As I was ingesting some artery-clogging fast food recently, a twenty-something professional type, suit and tie, came into the restaurant with his young son in tow. The kid was maybe three years old, and was totally immersed in a game on his father’s iPhone.

I was sitting near the ordering queue, so I could follow the scene as it played out. The father asked the kid what he wanted to eat. Silence. Fingers moving over the touch screen. Father might as well have been a concrete statue for all the attention the kid paid him.

Second attempt. What do you want to eat? No response. The father gave up and ordered a kiddie meal. The food came and they moved to a table cater-cornered from me. A few seconds later, there ensued an ear-splitting banshee wail of sufficient pitch and intensity to shatter glass.

Ye gods, I thought, an Al Qaeda torture specialist is plying his craft here in the restaurant. Should I dial 911? Or hope that someone with a concealed weapons permit has a loaded .38 in his pocket to bring down the terrorist?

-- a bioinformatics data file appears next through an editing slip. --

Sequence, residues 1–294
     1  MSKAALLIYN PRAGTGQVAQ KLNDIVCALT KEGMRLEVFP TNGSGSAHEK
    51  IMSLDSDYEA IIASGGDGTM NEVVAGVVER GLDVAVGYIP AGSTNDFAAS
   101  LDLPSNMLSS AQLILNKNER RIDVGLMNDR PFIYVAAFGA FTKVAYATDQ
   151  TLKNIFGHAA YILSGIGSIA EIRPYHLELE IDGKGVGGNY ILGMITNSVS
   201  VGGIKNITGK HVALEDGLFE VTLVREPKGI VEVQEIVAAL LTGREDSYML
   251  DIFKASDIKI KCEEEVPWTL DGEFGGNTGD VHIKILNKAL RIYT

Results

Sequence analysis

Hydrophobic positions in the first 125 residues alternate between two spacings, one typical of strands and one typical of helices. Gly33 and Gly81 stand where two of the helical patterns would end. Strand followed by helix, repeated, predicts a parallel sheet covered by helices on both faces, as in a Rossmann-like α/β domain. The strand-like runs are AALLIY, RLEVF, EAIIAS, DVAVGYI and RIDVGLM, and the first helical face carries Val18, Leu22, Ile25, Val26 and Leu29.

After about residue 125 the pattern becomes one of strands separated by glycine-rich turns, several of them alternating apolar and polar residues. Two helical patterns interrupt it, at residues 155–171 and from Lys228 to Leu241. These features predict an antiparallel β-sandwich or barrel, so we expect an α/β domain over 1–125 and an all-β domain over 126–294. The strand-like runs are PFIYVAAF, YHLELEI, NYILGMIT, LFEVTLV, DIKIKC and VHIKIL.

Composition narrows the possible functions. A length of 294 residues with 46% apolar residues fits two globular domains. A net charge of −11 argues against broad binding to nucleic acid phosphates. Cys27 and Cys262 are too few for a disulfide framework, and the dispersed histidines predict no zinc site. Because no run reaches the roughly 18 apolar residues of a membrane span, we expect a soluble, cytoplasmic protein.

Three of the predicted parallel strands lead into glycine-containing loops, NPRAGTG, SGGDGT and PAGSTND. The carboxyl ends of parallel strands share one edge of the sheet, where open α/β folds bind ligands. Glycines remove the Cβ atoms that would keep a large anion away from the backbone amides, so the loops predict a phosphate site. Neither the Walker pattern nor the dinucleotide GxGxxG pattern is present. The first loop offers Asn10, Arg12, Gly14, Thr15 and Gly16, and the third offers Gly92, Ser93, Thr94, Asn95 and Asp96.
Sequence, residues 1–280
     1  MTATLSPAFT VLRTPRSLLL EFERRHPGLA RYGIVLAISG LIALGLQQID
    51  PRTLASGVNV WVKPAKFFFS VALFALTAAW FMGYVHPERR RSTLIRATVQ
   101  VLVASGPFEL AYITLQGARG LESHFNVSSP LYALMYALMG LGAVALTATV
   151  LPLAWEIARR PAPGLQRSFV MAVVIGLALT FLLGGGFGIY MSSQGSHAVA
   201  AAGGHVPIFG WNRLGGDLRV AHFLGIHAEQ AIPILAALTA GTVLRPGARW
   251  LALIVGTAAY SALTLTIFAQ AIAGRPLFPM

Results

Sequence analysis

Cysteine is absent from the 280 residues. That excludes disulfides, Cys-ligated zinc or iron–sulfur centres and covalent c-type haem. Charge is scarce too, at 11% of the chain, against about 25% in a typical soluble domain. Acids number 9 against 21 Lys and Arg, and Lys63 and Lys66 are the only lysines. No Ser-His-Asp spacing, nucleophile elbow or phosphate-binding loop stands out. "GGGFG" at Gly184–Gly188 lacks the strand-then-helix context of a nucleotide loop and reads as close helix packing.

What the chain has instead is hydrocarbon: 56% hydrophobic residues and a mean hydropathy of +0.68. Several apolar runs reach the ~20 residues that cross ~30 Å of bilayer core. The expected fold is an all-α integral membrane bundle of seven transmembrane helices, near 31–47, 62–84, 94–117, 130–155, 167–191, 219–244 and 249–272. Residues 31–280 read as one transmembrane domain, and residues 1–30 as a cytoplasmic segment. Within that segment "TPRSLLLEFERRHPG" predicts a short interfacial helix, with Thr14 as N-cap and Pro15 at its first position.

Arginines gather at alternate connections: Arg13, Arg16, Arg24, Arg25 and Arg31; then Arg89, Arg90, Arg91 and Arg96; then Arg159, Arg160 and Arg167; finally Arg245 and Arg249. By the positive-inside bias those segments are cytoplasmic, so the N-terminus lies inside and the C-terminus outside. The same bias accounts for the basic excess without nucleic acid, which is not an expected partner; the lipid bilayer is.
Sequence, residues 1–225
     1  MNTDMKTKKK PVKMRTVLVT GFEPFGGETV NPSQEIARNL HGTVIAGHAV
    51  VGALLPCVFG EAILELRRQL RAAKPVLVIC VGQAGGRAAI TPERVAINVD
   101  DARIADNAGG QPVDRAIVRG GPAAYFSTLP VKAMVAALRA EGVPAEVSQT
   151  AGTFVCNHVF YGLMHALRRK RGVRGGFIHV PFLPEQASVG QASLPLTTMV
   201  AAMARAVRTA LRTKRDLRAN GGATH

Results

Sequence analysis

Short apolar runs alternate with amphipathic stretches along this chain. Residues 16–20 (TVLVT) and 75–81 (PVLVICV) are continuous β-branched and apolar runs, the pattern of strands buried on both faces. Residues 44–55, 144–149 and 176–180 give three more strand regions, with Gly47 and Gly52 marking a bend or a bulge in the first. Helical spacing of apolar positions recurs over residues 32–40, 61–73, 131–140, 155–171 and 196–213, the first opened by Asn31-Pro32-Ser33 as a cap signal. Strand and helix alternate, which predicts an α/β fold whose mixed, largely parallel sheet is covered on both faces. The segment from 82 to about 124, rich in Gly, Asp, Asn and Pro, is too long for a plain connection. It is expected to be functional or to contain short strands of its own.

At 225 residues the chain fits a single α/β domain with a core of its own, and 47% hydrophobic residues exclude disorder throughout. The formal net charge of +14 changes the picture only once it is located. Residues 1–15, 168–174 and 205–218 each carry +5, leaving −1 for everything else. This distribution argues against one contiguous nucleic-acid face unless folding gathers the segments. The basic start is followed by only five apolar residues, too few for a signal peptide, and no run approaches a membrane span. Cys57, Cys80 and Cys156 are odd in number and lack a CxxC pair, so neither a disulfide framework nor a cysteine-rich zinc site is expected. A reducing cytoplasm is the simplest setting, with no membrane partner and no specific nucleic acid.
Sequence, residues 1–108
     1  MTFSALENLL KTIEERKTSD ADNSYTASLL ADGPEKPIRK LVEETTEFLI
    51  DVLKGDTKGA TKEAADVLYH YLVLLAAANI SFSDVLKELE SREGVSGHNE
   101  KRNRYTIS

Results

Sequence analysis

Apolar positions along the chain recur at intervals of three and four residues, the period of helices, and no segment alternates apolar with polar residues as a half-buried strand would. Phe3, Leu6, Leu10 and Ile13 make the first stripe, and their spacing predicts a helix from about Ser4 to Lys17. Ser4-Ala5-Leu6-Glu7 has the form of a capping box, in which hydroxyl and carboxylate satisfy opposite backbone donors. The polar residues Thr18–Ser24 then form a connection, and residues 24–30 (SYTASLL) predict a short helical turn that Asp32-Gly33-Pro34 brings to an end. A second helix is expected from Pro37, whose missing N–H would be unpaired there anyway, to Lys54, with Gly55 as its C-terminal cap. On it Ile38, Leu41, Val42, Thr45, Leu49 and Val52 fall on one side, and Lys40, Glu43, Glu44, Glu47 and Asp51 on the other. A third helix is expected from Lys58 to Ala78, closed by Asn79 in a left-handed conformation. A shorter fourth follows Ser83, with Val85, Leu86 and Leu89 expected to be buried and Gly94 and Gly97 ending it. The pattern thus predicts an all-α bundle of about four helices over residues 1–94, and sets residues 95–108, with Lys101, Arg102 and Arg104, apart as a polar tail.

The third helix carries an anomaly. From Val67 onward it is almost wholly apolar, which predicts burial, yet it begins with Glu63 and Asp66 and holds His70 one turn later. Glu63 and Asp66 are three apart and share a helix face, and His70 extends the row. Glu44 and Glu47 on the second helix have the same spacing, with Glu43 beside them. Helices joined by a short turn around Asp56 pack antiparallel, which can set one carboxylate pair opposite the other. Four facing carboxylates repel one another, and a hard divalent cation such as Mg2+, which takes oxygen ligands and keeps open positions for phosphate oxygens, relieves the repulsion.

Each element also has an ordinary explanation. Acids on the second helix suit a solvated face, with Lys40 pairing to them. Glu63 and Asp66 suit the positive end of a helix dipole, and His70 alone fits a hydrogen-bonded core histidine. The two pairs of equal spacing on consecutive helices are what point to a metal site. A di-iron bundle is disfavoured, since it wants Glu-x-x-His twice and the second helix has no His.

Every head in the restaurant turned in unison to determine what was going on.

Yep, you guessed it. The father had apparently taken the phone away from the kid in an attempt to get him to eat his lunch, and the kid was throwing a temper tantrum extraordinaire: scream after scream, each louder, more piercing.

The father, every eye in the restaurant on him, with a look of utter defeat, gave in and handed the phone back to the kid, who mercifully stopped screaming and resumed his game. The kid’s food remained untouched while the father ate his meal, and the kid was still engrossed in the game as they left the restaurant and walked to their car.

There are many addictions in today’s world: tobacco, alcohol, drugs, junk food, chocolate, TV, and on and on. But I marvel at how many youngsters — sub-six years old — are in thrall to electronic devices. I see them everywhere, zombie-like, fingers moving over buttons or touch screens, totally oblivious to the world about them.

My darling almost five-years-old twin granddaughters will likely one day eagerly cast votes to pull the plug on Grandpa because, a while back when we were minding them for a day, I made them turn off their electronic game gadgets and put them away.

“You can color, we’ll read to you, you can play outside, you can drag your grandmother’s shoes and clothes from the closet and play dress-up, but,” I told them, “you cannot play with these games while you’re at our house.”

Much pouting and sulking ensued, but before long they were happily playing with each other. Now, they know when they come to visit us the electronic games must stay at home.

One small step …

e-mail: hbrandon@farmpress.com